Native Cultivars - Native? - Knowledgebase Question

Lexington, MA
Question by vxx
December 31, 2001
I'm interested in planting native shrubs and trees in my yard, but I'm finding most of what is available in local
nurseries are native 'cultivars'. In what sense is a cultivar a native plant? Is it an engineered variant , a native
plant selected for certain characteristics, or what?


Image
Answer from NGA
December 31, 2001

0

the plant as well as personal preference.

I hope this answers your question. Since you are considering using natives in your yard, you might want to concentrate on those that are specifically suited to your microclimate and soil as well as being locally adapted, meaning with a provenance close to home.

When you select the plant, you will want to use the same guidelines as ever meaning the growing conditions need to be suitable to that particular plant's needs in terms of things like available space, amount of sunlight, wind exposure, soil type and moisture, and so on.

Many natives are native to a very broad geographic region, eg "the eastern United States" and as such localized populations may have developed certain tolerances for certain climate and/or soil conditions. For this reason, for example, a redbud tree from a northern source would probably have better cold tolerance but lesser heat tolerance than a redbud tree grown from seeds collected in the warmer southern areas. Hence locally collected seed or locally selected plants would be more likely to do the best in your locale.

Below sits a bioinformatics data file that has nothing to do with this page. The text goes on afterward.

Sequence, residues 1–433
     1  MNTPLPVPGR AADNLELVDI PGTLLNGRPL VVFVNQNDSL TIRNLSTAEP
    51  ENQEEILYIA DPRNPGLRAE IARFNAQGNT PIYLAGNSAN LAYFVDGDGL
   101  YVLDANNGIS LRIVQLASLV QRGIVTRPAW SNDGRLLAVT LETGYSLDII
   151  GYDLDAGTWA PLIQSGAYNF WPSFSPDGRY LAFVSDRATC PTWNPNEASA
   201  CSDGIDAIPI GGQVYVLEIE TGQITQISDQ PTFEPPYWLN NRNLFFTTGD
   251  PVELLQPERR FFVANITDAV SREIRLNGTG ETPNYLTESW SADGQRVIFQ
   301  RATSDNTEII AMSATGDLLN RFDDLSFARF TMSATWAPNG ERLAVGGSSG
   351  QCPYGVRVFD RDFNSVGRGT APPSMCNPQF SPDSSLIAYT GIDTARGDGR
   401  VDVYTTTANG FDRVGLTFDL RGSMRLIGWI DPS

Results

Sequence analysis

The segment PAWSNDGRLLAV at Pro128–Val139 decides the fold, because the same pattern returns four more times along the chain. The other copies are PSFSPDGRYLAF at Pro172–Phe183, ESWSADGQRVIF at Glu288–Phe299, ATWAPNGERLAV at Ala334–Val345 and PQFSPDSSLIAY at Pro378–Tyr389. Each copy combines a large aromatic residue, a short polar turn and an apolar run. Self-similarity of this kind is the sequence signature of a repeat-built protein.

Also, in my opinion, it is generally a good idea to purchase only nursery-propagated plants rather than those collected in the wild at the expense of a native population. This can be of significance especially in the wildflower trade.

Good luck with your project, I'm sure you will enjoy your native plants. the plant as well as personal preference.

I hope this answers your question. Since you are considering using natives in your yard, you might want to concentrate on those that are specifically suited to your microclimate and soil as well as being locally adapted, meaning with a provenance close to home.

When you select the plant, you will want to use the same guidelines as ever meaning the growing conditions need to be suitable to that particular plant's needs in terms of things like available space, amount of sunlight, wind exposure, soil type and moisture, and so on.

Many natives are native to a very broad geographic region, eg "the eastern United States" and as such localized populations may have developed certain tolerances for certain climate and/or soil conditions. For this reason, for example, a redbud tree from a northern source would probably have better cold tolerance but lesser heat tolerance than a redbud tree grown from seeds collected in the warmer southern areas. Hence locally collected seed or locally selected plants would be more likely to do the best in your locale.

Also, in my opinion, it is generally a good idea to purchase only nursery-propagated plants rather than those collected in the wild at the expense of a native population. This can be of significance especially in the wildflower trade.

Good luck with your project, I'm sure you will enjoy your native plants.

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